The Romanticising of Abusive Relationships

Over the years do how many movies and TV shows have you watched in your lifetime? How many songs have you listened? Have you ever paid attention to what you were hearing or watching? How are your favorite artists and actors impacting you? Your children? Your teens?
The portrayal of violence as passion and dominance is love is a reoccurring theme in many of the media outlets we view or hear. These story lines imply that women want to be sexually assaulted and they will fall head over heels in love. What about emotional or verbal abuse? The movie/book TWILIGHT shows Edward stalking Bella, he manipulates her emotionally, he becomes extremely jealous and possessive because she is friends with Jacob. What about the lyrics to a song released in 1963 by The Crystals “He Hit Me (And It Felt Like a Kiss). The lyrics say “ He hit me/And it felt like a kiss/He hit me/And I knew he loved me”. It was covered by Hole in 1994 and again in 2007 by Grizzly Bear. The song talks about how women should be grateful for the abuse. Lana Del Rey in 2014 wrote a song called “Ultraviolence”. He hit me and it felt like a kiss/I can hear violins, violins/Give me all of that ultraviolence.
These protagonists always seem to be portrayed in the story lines as the heart throb love interest, even though he has stalked her or has refused to take no for an answer. Many of you may have watched or read 50 Shades of Gray. Anastasia is viewed as a commodity of sorts because she has had little sexual experience. Abstaining form sex is a valid and personal choice, she is depicted as “naive”, incompetent and in need of a man to depend on. A man looking for a naive woman is probably not looking for an equal.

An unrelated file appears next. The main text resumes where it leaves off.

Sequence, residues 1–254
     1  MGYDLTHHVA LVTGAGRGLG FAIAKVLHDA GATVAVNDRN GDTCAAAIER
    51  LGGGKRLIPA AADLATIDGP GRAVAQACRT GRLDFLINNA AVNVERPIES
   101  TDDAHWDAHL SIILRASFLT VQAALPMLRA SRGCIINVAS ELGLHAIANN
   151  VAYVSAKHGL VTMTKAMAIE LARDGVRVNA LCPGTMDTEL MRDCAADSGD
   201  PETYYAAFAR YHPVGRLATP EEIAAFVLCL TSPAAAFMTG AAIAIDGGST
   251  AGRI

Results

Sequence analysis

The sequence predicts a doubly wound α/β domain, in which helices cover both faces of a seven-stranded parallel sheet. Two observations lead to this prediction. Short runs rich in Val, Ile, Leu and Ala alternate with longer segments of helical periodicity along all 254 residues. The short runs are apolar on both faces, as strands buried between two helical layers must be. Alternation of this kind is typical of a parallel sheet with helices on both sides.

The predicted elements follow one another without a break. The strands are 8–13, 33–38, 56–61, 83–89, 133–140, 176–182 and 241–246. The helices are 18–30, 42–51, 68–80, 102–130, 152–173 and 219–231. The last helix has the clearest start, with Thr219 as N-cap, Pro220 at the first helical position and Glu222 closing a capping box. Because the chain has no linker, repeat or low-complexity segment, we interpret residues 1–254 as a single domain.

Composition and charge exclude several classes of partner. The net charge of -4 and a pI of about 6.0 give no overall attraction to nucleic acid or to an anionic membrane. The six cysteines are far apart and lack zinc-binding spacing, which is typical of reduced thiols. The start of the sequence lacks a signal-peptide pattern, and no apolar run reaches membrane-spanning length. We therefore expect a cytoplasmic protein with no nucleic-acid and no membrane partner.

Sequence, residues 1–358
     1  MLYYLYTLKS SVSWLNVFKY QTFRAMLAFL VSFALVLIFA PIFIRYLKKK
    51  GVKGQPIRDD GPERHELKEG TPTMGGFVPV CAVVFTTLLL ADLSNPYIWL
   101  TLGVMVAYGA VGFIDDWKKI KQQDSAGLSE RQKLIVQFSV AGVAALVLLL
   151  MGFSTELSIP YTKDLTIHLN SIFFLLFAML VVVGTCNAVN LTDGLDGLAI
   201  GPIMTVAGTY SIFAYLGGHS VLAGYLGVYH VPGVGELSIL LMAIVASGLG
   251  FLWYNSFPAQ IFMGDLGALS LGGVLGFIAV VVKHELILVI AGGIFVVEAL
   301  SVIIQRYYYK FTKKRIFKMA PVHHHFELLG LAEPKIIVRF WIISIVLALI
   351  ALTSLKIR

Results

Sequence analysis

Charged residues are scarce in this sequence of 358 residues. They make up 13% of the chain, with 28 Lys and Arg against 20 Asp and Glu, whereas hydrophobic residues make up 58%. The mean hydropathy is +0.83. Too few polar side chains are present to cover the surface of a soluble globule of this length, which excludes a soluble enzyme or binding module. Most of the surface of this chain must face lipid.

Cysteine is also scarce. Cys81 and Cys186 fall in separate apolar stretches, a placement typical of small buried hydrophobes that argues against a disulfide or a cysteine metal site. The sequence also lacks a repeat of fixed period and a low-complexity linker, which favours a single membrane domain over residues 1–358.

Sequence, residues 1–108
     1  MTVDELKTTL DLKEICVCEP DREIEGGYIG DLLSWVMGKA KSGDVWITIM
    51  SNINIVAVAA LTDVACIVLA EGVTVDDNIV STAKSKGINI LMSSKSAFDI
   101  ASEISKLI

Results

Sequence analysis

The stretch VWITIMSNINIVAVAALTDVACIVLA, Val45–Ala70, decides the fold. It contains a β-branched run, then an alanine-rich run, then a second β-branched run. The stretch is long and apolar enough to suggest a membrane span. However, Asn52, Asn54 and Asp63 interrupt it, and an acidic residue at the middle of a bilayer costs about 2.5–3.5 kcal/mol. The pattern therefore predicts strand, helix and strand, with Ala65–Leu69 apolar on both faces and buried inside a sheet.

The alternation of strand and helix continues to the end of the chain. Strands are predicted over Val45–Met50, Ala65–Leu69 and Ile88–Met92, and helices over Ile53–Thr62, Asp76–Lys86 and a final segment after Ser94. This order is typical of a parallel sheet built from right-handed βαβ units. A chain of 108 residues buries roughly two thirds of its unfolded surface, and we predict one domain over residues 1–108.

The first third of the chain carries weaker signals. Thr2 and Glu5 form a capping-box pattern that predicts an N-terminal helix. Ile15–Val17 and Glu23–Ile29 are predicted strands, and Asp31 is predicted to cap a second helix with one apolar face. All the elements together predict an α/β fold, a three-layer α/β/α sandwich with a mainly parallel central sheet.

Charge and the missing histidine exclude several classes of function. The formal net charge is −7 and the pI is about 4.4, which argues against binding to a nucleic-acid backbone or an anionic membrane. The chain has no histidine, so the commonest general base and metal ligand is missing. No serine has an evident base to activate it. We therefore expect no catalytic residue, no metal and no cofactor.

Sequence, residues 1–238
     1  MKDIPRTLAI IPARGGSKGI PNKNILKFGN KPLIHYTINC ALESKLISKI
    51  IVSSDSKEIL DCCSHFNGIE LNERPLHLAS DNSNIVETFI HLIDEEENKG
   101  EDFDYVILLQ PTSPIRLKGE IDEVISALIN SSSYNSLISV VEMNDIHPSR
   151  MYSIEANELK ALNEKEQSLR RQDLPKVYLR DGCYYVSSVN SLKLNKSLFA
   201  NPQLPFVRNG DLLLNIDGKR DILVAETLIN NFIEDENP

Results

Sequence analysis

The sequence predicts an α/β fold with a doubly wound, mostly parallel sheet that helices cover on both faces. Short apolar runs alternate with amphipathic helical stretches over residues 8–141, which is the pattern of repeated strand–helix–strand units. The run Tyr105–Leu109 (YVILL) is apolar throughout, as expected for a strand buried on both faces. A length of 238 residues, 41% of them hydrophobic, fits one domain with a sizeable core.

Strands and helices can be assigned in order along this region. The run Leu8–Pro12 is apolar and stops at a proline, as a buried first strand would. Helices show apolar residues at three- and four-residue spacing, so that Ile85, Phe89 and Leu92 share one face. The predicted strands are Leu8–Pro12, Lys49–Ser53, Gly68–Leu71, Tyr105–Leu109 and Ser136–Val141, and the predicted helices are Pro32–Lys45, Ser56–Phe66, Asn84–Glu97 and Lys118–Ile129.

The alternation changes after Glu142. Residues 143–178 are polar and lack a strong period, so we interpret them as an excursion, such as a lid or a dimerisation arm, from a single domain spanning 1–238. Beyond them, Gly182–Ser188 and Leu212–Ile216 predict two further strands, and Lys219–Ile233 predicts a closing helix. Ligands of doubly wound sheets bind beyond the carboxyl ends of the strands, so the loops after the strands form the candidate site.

There is a book out called He’s Just Not That Into You. The book claims that if a woman becomes passive and fakes interest in having a relationship, then he gets “the thrill of the chase”. The less you speak up, the more he wants you. Not to mention, the book says to withhold sex as well. All of this is supposedly to give you power. In reality, following these rules could potentially push you into an abusive relationship. A healthy relationship doesn’t involve any of this. A healthy relationship involves respect, fairness, trust, support honesty, shared responsibility and communication.
Normalization of this behavior happens because of stereotypes and social expectations. Abuse never seems to be discussed, only sidelined. Social norms create normalcy out of the distorted and abnormalities of the world. Movies, songs and books may be viewed as a good movie, a catchy song or a great read, but the underlying themes have a penetrating effect on their audiences perceptions. Teens watching are lead to believe that domestic violence is romantic. Adults are lead to believe that domestic violence is romantic. Morality, ethics and realistic consequences seem to be ignored or glazed over.